DNA sequencing (Forensic Science)
In some instances, biological samples are not suitable for performing the relatively fast and standard nuclear analysis and typing of DNA (deoxyribonucleic acid). On occasion, the copy number of nucleated cells is too low, and the analyst cannot obtain enough nuclear DNA to acquire a strong enough signal to interpret after typing the DNA. DNA sequencing, although more time-consuming and complicated than the standard analysis, may provide the necessary clues when other methods to obtain a good profile using conventional typing methods are exhausted.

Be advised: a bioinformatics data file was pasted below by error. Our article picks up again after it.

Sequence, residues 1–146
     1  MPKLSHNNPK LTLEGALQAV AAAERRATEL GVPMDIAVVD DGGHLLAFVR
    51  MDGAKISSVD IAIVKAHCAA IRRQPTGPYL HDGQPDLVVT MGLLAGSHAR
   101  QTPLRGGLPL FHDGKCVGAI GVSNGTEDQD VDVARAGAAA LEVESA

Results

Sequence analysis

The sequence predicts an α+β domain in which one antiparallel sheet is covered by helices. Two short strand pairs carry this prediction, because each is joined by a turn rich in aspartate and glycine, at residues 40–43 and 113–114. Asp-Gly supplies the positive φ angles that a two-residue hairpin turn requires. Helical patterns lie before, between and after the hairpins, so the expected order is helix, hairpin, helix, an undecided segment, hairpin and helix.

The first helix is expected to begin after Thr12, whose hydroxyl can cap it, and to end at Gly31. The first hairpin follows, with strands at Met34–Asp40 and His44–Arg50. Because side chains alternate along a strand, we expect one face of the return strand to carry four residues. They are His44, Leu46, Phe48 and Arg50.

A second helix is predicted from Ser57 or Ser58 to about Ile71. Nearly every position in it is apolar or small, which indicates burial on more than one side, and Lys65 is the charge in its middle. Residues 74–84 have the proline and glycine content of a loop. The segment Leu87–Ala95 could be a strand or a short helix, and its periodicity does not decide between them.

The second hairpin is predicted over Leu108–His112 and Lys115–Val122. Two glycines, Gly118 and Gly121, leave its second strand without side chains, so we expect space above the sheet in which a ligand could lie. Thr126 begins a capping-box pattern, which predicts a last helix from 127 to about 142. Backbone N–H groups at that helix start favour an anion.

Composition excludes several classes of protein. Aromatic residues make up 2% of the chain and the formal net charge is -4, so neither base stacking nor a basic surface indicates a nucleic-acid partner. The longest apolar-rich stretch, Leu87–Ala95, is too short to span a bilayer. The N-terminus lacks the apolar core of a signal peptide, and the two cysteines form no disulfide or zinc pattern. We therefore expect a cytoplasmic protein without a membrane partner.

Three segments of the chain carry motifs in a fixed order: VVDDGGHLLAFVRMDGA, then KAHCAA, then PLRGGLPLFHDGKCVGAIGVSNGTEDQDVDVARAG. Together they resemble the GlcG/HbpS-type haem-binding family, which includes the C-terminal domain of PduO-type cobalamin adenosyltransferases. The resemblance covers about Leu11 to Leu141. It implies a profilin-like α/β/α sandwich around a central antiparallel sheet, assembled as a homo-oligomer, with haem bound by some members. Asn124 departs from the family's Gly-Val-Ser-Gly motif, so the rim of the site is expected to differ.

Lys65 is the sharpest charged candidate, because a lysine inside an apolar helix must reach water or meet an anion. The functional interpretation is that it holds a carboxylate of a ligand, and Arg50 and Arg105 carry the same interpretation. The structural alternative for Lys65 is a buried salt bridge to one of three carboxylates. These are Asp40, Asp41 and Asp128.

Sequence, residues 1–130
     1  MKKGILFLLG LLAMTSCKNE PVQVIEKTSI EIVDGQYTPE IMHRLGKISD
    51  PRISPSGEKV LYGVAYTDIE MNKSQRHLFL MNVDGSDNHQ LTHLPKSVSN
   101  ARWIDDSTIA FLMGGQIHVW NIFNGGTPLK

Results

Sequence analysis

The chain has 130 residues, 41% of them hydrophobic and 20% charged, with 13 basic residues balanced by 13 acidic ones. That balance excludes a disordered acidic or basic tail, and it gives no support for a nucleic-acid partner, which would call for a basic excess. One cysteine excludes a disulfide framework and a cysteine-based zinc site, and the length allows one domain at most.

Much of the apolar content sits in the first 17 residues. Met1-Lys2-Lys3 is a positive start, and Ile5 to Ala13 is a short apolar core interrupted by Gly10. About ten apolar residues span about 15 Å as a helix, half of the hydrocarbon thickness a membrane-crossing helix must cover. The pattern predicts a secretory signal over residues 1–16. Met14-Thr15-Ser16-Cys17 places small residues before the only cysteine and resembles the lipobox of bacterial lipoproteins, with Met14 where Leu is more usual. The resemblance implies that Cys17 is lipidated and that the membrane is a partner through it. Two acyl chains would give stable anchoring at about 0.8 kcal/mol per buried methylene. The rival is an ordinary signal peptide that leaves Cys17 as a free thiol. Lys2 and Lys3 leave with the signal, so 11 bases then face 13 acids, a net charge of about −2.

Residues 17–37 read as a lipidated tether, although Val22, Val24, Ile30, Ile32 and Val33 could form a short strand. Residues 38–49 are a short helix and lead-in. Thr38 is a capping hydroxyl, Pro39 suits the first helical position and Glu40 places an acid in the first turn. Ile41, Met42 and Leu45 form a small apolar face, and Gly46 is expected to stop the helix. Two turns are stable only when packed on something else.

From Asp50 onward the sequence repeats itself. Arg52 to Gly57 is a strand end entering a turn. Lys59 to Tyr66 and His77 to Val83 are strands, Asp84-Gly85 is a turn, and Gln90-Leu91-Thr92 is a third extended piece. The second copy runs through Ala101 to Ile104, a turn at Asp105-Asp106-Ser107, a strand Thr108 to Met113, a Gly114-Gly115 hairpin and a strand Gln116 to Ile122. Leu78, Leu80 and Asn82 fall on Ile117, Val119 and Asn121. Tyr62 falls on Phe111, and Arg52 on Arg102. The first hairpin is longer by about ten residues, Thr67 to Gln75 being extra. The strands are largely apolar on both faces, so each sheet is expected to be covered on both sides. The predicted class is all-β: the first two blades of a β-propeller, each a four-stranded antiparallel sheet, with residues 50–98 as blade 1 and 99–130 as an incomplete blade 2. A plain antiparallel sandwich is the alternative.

The first step in sequencing a DNA sample is to determine what fraction of the genome is to be read (usually between three hundred and one thousand base pairs) and perform an amplification reaction using unlabeled primers that target the region of choice. After the DNA is amplified, the polymerase chain reaction (PCR) product is cleaned to remove any unbound nucleotides and residual, nonincorporated primers. This purified product is subsequently quantified and diluted to a predetermined concentration that is dependent on the length of the fragment of DNA being sequenced. The sequencing template is amplified with a single primer (forward or reverse) so that the end products are single-stranded DNA molecules. Unlike in the more common PCR reactions, a pair of primers cannot be used because the end product would result in a double-stranded molecule that could not be interpreted. This would be...
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